“A Fruitful Tree” (Sermon on Galatians 5:16-25; John 15:1-5; Psalm 1; by Pr. Charles Henrickson)

“A Fruitful Tree” (Galatians 5:16-25; John 15:1-5; Psalm 1)

We just heard a bunch of readings from a variety of places in the Bible–Psalm 1, Proverbs, Jeremiah, Paul’s letter to the Galatians, and words of Jesus from the gospels of St. Luke and St. John–and all of these readings, about trees bearing fruit. This is an image of course of people and the fruits or works that they produce in their lives.

Now the first thing to recognize is that we all bear fruit. We all produce works in our lives. The question is, though: What kind of fruit are we producing? Good fruit or bad fruit? There is this distinction, you see, among fruit. Some fruit may be bad or rotten in God’s sight. Some fruit may be good and acceptable to God. So what kind of fruit are you producing in your life? Is God pleased with it? Our topic tonight, then, is this: How do I become “A Fruitful Tree”?

This distinction among fruits, some good, some bad–St. Paul gets at that in his letter to the Galatians. He first lists some works as those that are not pleasing to God: “Now the works of the flesh are evident: sexual immorality, impurity, sensuality, idolatry, sorcery, enmity, strife, jealousy, fits of anger, rivalries, dissensions, divisions, envy, drunkenness, orgies, and things like these.”

“And things like these.” So maybe you didn’t hear your exact sin in that laundry list of sins, but don’t worry. You’d be on there somewhere, doing something else that God does not find acceptable. Or maybe you are on that list, just maybe not one of the more spectacular works of the flesh. So perhaps you haven’t participated in orgies, but you have contributed to dissensions and divisions. Maybe you haven’t done sorcery, but you have done strife and envy. Not good. No, these works of the flesh are the bad fruit that our sinful flesh produces.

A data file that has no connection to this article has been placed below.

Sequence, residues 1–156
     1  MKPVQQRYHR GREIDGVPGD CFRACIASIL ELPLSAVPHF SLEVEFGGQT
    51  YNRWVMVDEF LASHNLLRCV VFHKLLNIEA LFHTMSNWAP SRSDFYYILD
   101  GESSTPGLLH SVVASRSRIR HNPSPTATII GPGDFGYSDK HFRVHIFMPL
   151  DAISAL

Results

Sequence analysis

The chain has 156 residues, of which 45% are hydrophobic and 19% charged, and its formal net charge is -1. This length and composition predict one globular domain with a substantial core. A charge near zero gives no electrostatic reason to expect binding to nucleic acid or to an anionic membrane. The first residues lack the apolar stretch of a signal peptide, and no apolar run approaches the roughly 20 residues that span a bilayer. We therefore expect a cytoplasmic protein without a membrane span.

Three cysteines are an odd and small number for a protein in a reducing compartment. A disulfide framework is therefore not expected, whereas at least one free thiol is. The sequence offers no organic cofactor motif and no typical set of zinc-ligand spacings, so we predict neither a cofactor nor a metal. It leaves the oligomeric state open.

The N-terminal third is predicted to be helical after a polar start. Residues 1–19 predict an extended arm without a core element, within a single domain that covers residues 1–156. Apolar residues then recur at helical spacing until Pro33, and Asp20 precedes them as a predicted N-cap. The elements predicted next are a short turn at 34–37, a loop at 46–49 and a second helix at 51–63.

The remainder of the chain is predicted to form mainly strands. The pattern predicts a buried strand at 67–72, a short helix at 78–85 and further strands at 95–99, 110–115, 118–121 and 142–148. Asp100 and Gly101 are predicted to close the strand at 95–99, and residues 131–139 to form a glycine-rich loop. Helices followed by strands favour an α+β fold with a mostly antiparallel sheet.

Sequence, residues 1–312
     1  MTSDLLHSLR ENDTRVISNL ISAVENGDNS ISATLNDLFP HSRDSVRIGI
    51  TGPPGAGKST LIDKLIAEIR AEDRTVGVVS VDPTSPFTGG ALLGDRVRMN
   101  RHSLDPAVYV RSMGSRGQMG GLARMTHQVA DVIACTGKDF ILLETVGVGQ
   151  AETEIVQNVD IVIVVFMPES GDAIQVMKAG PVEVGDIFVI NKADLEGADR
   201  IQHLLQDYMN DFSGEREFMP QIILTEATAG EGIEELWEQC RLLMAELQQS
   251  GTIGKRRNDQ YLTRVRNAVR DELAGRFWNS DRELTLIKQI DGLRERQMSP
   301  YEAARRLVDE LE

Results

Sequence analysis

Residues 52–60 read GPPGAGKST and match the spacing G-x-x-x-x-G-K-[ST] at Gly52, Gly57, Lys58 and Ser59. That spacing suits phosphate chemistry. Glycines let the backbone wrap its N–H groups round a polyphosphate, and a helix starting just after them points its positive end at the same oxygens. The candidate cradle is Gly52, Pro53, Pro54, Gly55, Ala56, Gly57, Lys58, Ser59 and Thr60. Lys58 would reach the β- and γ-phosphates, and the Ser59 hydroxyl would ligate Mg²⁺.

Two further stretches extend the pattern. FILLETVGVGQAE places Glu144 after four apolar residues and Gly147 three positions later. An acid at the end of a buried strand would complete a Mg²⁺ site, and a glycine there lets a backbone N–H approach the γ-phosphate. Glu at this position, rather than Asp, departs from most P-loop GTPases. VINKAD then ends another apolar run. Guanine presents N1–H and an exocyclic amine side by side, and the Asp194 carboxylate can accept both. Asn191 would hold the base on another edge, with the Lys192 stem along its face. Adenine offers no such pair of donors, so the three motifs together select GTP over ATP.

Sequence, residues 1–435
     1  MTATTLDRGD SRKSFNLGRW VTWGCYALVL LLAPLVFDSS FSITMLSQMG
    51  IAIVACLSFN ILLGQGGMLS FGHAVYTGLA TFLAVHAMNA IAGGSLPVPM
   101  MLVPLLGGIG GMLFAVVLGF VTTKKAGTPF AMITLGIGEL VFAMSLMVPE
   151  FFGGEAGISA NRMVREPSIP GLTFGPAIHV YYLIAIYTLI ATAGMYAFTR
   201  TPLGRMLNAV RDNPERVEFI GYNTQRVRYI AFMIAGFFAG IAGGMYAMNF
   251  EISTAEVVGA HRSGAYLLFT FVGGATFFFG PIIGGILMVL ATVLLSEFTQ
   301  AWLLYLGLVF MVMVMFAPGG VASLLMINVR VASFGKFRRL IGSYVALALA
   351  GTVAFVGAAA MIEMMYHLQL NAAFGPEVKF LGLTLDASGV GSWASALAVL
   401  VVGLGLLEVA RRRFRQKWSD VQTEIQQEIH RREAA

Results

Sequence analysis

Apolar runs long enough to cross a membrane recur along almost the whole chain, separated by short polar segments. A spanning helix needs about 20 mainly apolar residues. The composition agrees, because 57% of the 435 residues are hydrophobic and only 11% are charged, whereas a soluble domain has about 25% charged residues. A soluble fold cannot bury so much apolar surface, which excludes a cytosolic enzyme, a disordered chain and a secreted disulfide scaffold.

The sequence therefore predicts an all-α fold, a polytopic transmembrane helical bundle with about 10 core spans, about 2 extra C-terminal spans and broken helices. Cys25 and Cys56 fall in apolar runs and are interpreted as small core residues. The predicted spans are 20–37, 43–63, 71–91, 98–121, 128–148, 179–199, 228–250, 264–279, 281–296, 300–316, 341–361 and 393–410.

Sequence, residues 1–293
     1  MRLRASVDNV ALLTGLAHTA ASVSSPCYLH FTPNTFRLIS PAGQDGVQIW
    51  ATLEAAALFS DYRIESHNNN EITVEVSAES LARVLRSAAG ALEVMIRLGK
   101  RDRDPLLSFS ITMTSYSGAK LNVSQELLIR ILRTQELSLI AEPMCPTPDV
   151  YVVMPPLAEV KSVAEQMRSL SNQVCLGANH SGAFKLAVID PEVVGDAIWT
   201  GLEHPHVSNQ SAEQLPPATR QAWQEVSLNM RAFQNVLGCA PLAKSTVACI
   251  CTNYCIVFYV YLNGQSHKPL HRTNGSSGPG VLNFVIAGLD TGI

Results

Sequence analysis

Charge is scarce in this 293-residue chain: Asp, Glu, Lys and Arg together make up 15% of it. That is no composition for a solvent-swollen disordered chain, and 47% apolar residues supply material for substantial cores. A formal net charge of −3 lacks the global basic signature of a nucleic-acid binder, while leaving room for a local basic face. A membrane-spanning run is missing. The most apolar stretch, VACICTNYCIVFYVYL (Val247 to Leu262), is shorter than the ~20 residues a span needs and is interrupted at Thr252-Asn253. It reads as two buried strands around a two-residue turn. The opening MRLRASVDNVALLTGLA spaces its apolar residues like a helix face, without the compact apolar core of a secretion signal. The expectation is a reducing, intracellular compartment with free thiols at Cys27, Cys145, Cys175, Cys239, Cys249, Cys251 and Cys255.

And so Paul adds this warning. He says, “I warn you, as I warned you before, that those who do such things will not inherit the kingdom of God.” Whoa, now that’s a scary prospect! To be shut out of the kingdom of God is a terrifying thought. Cut off from God, shut out of the kingdom, only to face an eternity apart from God and his people forever, under God’s judgment. Elsewhere, John the Baptist talks about the axe being laid at the root of the tree, and that tree which has produced bad fruit will be cut down and cast in the fire.

Now what do you have to do to be that kind of a tree? Answer: Nothing. It will come naturally to you. This is the inevitable result of our sinful nature, which can only produce fruit that is not acceptable to God. It’s been that way ever since our first parents disobeyed God and ate of the forbidden fruit from the tree in the garden. This sinful tendency and desire of ours to disobey God has come naturally to us from one generation to the next. Flesh gives birth to flesh, and so we are all born as bad trees, so to speak. We will produce bad fruit, in one variety or another, and God’s judgment on this is death, to be shut out of the kingdom of God. “Therefore the wicked will not stand in the judgment, nor sinners in the congregation of the righteous,” so the psalmist says, adding, “but the way of the wicked will perish.”